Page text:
• Get active with local initiatives to control or manage flowering rush in your community.

Eurasian Watermilfoil

What is Eurasion watermilfoil?

  • Eurasian watermilfoil is an invasive, underwater aquatic plant

What is the issue?

  • Eurasian watermilfoil is an aggressive, rapidly growing plant that overruns native plants and clogs waterways.  When mature, the plant forms an extremely dense surface canopy that inhibits boating, fishing and swimming activities.  It causes nuisance algae blooms and the water to become stagnant. 

Why should I care?

  • Eurasian watermilfoil can disrupt the ecology of a water body by crowding out important native aquatic plants needed for a healthy fishery. It can potentially reduce property values. Under severe conditions, property owners and lake associations can expect increased costs to keep boat channels open by mechanical harvesting and for costs associated with disposal of rotting vegetation.
  • In shallow areas the plant can interfere with water recreation such as boating, fishing, and swimming.
  • The plant can clog boat motors causing damage.
  • Can cause a significant increase in permanent pool mosquitoes. 
  • Reduced levels of dissolved oxygen enables nutrients to accumulate, creating possible unfavorable conditions for macroinvertibrates and fish. 

What can I do?

  • Clean boat propeller and trailer of weeds before leaving area. 
  • Get involved in local efforts.
  • INSPECT and REMOVE all aquatic plants and animals
  • DRAIN water from motors, live wells and bait containers
  • DISPOSE of unwanted live bait on land
  • RINSE your boat and equipment with hot (140°F) high pressure tap water or
  • DRY your boat and equipment for at least 5 days
  • Detecting infestations early and report to the Minnesota Department of Natural Resources.
  • Know if Eurasian watermilfoil is in lakes you visit. 

Spiny Waterflea

What is a Spiny waterflea?

  • Spiny waterfleas are zooplankton (microscopic animals).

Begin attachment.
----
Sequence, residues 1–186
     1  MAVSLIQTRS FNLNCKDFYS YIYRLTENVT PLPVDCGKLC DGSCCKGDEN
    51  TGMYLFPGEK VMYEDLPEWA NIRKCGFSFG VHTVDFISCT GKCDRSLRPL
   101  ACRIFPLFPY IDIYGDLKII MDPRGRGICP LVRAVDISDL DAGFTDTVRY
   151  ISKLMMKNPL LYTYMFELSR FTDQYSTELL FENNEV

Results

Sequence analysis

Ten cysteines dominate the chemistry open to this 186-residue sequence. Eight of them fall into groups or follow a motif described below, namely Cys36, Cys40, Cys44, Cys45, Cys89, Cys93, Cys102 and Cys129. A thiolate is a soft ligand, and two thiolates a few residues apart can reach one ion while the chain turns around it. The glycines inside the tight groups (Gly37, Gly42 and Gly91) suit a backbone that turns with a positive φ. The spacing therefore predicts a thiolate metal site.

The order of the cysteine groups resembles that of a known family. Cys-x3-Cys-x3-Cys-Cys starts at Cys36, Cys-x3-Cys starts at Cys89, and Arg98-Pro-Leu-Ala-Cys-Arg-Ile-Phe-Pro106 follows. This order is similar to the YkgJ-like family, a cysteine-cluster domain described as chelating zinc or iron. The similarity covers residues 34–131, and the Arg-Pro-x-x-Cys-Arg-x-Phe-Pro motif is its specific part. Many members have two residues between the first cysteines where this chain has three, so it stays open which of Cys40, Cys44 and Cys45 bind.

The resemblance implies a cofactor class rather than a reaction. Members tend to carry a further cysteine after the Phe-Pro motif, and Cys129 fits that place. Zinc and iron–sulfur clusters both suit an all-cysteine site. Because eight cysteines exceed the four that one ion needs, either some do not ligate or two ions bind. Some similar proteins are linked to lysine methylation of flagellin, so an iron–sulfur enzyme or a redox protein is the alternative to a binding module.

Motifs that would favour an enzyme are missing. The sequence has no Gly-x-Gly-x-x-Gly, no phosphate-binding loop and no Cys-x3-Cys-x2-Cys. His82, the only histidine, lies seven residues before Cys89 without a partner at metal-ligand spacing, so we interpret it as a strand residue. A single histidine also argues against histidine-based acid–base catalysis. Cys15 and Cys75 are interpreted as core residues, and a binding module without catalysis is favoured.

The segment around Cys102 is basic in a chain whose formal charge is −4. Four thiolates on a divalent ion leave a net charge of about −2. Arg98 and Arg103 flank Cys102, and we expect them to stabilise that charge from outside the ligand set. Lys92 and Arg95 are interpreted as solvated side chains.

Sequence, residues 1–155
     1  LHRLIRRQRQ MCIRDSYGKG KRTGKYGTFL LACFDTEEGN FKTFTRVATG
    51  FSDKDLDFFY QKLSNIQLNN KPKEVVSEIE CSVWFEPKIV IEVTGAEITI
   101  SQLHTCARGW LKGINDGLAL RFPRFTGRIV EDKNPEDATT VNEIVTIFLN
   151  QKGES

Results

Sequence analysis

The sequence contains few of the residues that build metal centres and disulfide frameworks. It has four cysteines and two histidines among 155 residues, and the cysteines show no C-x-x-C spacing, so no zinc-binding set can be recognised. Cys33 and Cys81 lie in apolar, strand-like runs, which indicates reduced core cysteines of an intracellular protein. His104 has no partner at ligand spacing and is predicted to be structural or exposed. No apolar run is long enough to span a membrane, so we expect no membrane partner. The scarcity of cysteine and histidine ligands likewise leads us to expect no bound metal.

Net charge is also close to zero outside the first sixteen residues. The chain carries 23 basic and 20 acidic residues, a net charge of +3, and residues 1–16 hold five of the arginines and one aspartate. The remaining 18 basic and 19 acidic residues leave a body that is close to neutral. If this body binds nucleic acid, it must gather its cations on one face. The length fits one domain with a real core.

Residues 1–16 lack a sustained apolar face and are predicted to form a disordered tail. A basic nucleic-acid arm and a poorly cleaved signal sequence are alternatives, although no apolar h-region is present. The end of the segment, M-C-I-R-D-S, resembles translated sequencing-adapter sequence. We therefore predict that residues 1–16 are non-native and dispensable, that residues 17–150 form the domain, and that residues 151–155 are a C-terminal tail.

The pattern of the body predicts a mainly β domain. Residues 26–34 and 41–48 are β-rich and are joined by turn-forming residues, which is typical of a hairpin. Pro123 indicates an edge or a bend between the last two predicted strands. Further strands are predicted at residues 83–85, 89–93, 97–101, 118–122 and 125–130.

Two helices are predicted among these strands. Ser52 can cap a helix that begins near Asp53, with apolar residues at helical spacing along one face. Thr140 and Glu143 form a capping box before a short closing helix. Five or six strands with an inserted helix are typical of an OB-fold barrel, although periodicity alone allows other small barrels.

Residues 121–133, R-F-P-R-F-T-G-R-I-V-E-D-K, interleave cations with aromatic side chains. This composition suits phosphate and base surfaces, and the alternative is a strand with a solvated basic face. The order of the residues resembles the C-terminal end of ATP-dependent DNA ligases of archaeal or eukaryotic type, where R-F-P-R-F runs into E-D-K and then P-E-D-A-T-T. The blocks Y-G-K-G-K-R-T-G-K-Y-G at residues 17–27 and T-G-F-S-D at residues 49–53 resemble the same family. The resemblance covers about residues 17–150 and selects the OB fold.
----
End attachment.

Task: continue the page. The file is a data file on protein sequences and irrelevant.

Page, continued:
• Adults range from 1/4 to 5/8 inch long. A spiny waterflea has a single long tail with small spines along its length.

What is the issue?

  • Spiny waterfleas eat small animals (zooplankton), including Daphnia, which are an important food for native fishes. In some lakes, they caused the decline or elimination of some species of native zooplankton. They can clog eyelets of fishing rods and prevent fish from being landed.
  • They can spread by attaching to fishing lines, downriggers, anchor ropes, and fishing nets. While female waterfleas die out of water, under certain conditions they produce eggs that resist drying and freezing, and can establish a new infestation. They also can be unintentionally transported in bilge water, bait buckets, or livewells.
  • Spiny waterfleas collect in gelatinous globs on fishing lines and downrigger cables. They prefer deep lakes, but can be found in shallow lakes and rivers.

Why should I care?

  • The spiny water flea has become a serious concern for fishermen and affects the economies of local communities where fishing is a tourism draw.  Spiny water fleas collect in masses on fishing lines and can clog the first eyelet of rods, damage a reel’s drag system, and prevent fish from being landed. 
  • Spiny waterfleas can impact tourism in areas when fishermen don’t come to recreate.

What can I do?

  • Learn to recognize them.
  • Inspect and remove gelatinous material from fishing lines.
  • Drain water before transporting boats, personal watercraft, and bait containers.
  • Report new infestations to the Minnesota Department of Natural Resources.


Natural Innovations, 17561 Otto Zeck Road, Detroit Lakes, MN 56501